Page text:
As an active runner for all three athletic seasons, MacManes had a difficult time transitioning to her diagnosis of Celiac in early 2017. “[Being] gluten free affected everything last year because I was constantly sick and hungry, due to the fact that I wasn’t getting the right nutrients that I needed in order to excel in my athletics,” said MacManes, who has been running since sixth grade.
MacManes also noted that, on top of this, she struggled to connect with her teammates due to her newfound dietary restriction. “I have to be very careful with what I eat in the days leading up to a meet, which can mean not eating out at restaurants and no food from any spags with my teammates. This was hard, because for a long period of time, I just avoided going because I was constantly worrying about what I was eating and if it was going to end up making me feel sick.”
Spaghetti dinners, or spags, which many teams at ORHS use to bond before major games or races, were not the only source of conflict for MacManes. “I lost a lot of weight and had no appetite for a really long time because everything I ate made me so sick. If I accidentally ate gluten during school, then I would be sick for multiple days, which sucked because it was difficult to get quality practices in, which usually resulted in me running bad races,” she added.
MacManes is optimistic for the future however, noting, “not being able to eat wheat has been super hard, but it’s been getting a lot easier because I’m finding new things to try every day. I even joined a Facebook group with a lot of people who all have Celiac, and they always post really good recipes. It’s great to have such a safe space to learn and ask questions.”
Athlete: Graham Beaton (‘12)
Sports: Lacrosse, Volleyball, Track and Field
Dietary Restriction: Cyclic Nausea/Vomiting Syndrome and Chronic Stomach Inflammation
For Beaton, most of the struggle has been found within his diagnosis, which remains unclear to this day. “The long and the short of it is, [doctors] don’t really know what’s wrong with me. I’ve been told that they very well may not have a name for whatever disease I have at the current time, but for me, it basically amounts to long periods of time not doing any activity and basically not eating any foods in fear of them leading to constant nausea/vomiting, debilitating stomach pain, and extreme fatigue,” he explained.
Beaton shared his recollection of when he first knew something was wrong, stating, “I remember the first day of this whole ordeal very well, because I was doing 200m sprint intervals at the UNH outdoor track and I felt a migraine coming on, so I left. Later that night, I was in the Emergency Room and from there on out it just snowballed.”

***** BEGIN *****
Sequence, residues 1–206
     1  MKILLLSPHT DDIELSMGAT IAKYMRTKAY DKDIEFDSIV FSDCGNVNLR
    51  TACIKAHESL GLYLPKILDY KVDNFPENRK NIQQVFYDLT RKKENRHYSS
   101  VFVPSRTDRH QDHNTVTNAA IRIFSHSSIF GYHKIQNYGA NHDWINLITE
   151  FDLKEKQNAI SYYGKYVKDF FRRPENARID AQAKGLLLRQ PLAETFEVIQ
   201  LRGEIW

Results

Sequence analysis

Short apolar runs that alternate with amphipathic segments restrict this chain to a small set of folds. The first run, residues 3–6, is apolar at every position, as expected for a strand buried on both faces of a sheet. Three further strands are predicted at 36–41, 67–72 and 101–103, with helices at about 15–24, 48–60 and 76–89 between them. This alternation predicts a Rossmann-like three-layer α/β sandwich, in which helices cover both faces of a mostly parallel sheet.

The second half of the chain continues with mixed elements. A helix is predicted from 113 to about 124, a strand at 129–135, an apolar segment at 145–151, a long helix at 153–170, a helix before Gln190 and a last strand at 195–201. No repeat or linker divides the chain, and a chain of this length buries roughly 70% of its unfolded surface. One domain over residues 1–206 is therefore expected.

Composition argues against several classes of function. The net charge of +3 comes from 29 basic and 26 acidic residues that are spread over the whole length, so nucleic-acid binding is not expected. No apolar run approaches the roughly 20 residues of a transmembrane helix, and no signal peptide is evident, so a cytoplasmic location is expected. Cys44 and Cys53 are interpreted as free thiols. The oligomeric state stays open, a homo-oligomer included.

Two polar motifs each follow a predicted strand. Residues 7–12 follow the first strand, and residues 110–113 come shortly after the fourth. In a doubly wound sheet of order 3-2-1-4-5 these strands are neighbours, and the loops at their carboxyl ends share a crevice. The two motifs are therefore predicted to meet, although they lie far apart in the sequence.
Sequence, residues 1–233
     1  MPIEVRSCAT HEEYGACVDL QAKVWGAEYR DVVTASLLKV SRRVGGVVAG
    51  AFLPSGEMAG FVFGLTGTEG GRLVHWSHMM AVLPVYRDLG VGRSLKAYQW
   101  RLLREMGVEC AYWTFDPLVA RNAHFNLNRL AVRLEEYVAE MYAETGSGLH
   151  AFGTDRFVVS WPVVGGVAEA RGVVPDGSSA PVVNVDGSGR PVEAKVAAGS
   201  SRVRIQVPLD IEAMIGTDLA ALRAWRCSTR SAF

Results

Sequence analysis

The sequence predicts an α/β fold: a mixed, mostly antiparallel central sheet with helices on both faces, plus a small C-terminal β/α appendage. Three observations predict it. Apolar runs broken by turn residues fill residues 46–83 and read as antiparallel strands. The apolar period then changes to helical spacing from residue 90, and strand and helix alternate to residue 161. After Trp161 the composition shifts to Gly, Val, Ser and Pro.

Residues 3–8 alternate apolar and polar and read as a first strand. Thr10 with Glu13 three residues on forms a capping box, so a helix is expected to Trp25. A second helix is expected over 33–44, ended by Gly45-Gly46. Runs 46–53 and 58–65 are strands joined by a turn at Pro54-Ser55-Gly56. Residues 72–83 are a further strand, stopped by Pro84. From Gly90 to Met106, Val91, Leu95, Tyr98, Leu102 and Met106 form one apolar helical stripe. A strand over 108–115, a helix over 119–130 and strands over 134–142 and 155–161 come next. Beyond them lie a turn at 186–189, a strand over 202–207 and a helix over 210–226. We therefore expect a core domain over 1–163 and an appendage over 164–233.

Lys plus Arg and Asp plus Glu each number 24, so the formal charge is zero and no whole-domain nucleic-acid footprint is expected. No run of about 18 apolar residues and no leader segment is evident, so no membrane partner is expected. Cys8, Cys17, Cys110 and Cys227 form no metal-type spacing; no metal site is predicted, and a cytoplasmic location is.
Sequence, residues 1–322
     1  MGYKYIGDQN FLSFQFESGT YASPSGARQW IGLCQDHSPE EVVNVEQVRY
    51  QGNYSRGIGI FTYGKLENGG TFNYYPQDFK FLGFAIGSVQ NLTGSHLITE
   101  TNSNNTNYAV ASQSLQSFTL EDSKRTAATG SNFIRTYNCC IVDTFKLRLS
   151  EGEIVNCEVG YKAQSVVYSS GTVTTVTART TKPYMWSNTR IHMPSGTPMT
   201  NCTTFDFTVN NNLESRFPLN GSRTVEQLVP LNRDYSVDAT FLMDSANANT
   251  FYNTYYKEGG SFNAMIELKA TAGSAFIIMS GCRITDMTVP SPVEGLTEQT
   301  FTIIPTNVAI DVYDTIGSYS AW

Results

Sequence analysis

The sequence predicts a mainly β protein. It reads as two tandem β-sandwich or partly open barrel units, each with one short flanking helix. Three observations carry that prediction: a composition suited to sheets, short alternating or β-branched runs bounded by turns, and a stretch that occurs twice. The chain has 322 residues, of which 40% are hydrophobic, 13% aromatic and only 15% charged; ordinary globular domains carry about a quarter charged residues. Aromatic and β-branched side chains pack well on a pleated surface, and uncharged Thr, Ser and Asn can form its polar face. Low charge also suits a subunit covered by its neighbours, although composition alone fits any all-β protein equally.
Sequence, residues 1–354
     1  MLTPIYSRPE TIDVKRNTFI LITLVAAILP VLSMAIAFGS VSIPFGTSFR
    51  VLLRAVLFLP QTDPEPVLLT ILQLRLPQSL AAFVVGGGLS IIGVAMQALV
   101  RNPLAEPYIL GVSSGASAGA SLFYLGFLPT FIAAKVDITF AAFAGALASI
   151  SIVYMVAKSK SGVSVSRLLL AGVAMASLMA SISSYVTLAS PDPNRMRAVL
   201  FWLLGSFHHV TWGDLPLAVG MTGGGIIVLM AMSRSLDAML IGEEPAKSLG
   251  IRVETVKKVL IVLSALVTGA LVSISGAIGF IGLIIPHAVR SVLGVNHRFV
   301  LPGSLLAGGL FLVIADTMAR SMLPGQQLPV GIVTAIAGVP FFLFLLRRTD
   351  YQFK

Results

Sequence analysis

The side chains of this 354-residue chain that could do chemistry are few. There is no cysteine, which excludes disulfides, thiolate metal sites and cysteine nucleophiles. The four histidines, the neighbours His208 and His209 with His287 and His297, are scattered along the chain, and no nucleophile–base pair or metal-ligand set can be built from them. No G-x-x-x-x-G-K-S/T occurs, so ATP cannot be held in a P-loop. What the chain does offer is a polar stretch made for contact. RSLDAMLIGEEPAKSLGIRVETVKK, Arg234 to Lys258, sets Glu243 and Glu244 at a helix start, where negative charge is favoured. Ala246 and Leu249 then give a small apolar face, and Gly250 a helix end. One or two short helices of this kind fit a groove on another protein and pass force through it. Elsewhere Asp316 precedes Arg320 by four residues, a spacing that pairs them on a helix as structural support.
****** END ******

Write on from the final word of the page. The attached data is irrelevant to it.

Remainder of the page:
Being a junior in college at the time of these events was also difficult for Beaton, who said, “being ‘diagnosed’ was an extremely frustrating experience for me, because as I mentioned, doctors all disagreed and equivocated a lot about what exactly was wrong with me, and it is still not clear. This was all going on while I was trying to finish my degree, though I was also rapidly losing weight and essentially not eating or sleeping for months. It really felt like I was watching myself die and no one had any answers for me, so I would say my mental health took a massive hit during the ‘diagnosis’ period as well.”
Beaton was forced to stop all training, as well as to restrict his diet to exclude dairy, red meat, oil, or hot spices. “This whole experience hit the reset button on my athletics. I went from being at what I considered the best shape of my life to the worst. I was at a really good weight and power level for what I wanted to do, which was to continue with lower distance sprinting, and in about three months, I lost 50 pounds and all my strength. Most days I didn’t get out of bed except to go to class and even that was exhausting,” he said.
Now, Beaton tries to focus on the positives of his experience. “My mentality towards athletics and myself in general was forced to change. I may never get back to where I was in terms of the times I was running or the weight I was lifting comfortably, but I’m simply not the same person I was a few years ago. What I can still do, and this is what I try to focus on, is simply be the best that I can under my given circumstances,” he concluded.
Athlete: Nate Moore (‘18)
Dietary Restriction: Vegan
Moore’s story differs from those of the athletes above, in that he chose to limit his diet due to his beliefs surrounding the meat and dairy production industries. “The idea that I, and millions of others, were participating in keeping the demand for these industries high was too much for me not to make a serious change,” he said.